Setting

This is a case–control study based on two Swedish breast cancer cohorts. The study was conducted in accordance with the Declaration of Helsinki. Ethical approvals were granted from the regional ethical vetting board and all participants gave written informed consent.

Participants

Participants were recruited from the the KARolinska MAmmography Project for Risk Prediction of Breast Cancer (KARMA) and Libro-1study cohorts (15, 16). KARMA is a prospective cohort study of 70,877 women with or without breast cancer, recruited in 2011–2013, from four mammography units situated in Skåne county and Stockholm conducting both population-based mammography screening and clinical mammography. Libro1 is a case-only, population-based cohort consisting of 5,715 women diagnosed with breast cancer in Stockholm years 2001–2008. Women in both studies answered questionnaires, donated blood at enrollment, and consented to the retrieval of their mammograms and medical records. Questionnaires and study material were largely similar for both studies as Libro-1 was the pilot study of KARMA.

All primary invasive breast cancer cases from both studies diagnosed 2005 to 2015 were eligible for inclusion (n = 4,598). The cutoff at 2005 was chosen as IHC markers HER2 and Ki67 were not stained for, and thus not available in medical records, prior to this year. Exclusion criteria were missed information on either of the IHC markers ER, PR, HER2, and Ki67 (n = 1,265). Controls were randomly selected among breast cancer–free participants of the KARMA study, frequency-matched up to 1:5 to cases on age at enrollment (controls) to age at diagnosis (cases) in 5-year strata using a greedy nearest neighbor algorithm without replacement (17). The final study sample consisted of 2,632 breast cancers and 15,945 controls. For the analysis of the polygenic risk score, all KARMA women who did not have breast cancer and who had available genotyping (n = 5,425) were used as controls.

Data on exposures

Data on parity, age at first birth, breastfeeding, HRT use, somatotype at age 18, menarche, weight and height at enrollment, BRCA1/2 mutation carriership, country of birth, education and family history of breast cancer was collected from web- and paper study questionnaires answered at study enrollment, with all variables harmonized between the two studies prior to analysis. Recall of HRT use was aided by pictures of HRT brands dispensed in Sweden. Somatotypes were illustrated by 9 pictograms in the questionnaires and women were asked which pictogram most resembled them at age 18. As BRCA mutation status was self-reported and thus more likely to be known for cases, only data on BRCA status from cases were considered for this study.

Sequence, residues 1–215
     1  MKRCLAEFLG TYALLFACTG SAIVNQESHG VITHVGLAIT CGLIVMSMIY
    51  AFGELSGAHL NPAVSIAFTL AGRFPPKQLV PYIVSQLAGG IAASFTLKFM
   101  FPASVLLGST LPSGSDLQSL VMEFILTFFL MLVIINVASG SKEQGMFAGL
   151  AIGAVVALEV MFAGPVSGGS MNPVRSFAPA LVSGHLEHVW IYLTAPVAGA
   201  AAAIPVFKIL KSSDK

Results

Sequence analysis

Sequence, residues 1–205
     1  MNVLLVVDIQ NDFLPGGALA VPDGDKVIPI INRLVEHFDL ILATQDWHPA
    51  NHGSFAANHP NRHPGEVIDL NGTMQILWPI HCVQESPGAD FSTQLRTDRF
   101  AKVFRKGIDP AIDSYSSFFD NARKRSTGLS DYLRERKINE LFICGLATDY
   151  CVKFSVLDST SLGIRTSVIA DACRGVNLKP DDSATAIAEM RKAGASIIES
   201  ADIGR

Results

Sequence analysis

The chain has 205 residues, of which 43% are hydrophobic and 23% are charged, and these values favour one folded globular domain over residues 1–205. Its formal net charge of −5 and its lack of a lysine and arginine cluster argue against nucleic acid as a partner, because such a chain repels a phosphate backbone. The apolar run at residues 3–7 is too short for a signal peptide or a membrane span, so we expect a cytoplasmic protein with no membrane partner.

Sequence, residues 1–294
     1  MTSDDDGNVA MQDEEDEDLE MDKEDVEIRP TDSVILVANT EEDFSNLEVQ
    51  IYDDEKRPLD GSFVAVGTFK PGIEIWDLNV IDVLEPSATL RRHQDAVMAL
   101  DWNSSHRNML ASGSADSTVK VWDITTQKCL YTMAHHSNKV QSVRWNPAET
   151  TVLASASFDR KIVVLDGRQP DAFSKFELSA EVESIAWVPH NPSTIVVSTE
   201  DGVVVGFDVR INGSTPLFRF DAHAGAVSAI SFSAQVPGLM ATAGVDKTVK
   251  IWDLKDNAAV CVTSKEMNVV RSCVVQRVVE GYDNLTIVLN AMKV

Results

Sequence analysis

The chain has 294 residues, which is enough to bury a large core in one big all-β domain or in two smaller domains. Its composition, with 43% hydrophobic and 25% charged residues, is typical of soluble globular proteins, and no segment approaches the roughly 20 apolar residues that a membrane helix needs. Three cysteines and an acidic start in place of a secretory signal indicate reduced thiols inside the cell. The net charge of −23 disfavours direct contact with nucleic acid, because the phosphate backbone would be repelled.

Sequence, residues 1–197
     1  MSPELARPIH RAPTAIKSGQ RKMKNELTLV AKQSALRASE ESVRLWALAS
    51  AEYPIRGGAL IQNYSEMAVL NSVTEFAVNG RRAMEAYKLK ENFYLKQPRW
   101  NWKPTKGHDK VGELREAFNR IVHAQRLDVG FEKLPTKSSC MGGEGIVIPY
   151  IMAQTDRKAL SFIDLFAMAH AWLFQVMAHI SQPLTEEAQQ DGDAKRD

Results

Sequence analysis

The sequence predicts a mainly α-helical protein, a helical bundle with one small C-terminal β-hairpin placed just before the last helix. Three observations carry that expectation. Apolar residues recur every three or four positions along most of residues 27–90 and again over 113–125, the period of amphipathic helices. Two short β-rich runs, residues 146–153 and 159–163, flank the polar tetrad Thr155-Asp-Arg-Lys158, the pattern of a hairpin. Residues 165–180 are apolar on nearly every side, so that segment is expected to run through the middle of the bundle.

History of benign breast disease (BBD) was obtained from pathology records. Only BBD diagnoses at least one year prior to breast cancer for cases, or before 2013 for the controls, were included in analysis. Mammograms were collected from radiology departments and available for 90% of the study population. Mammographic density (MD) was measured using an automated method previously described (15, 18). Image pairs from a reading within 4 years prior to diagnosis or study enrollment were selected for cases and controls, respectively, and absolute MD from the left and right mediolateral oblique view were averaged. Data on SNP markers was obtained from blood donated by participants at enrollment, which had been genotyped on a custom Illumina iSelect Array (iCOGS Array; ref. 19). Missing genotypes were imputed using 1000 Genomes [phase I integrated variant set release (v3) in National Center for Biotechnology Information build 37 (hg19) coordinates]. Polygenic risk scores (PRS) were constructed using 77 breast cancer risk SNPs discovered in large consortia studies. The score for each patient was calculated by summing the number of alleles for each SNP (0, 1 or 2), weighted by the per-allele ORs for the minor alleles reported by Mavvadat and colleagues (20). Two scores were generated, one general score using breast cancer risk ORs as weights and the other score using weights from associations to ER-negative breast cancer only. Full details on the construction of the PRS were described previously (21).

Data on tumor characteristics (cases only)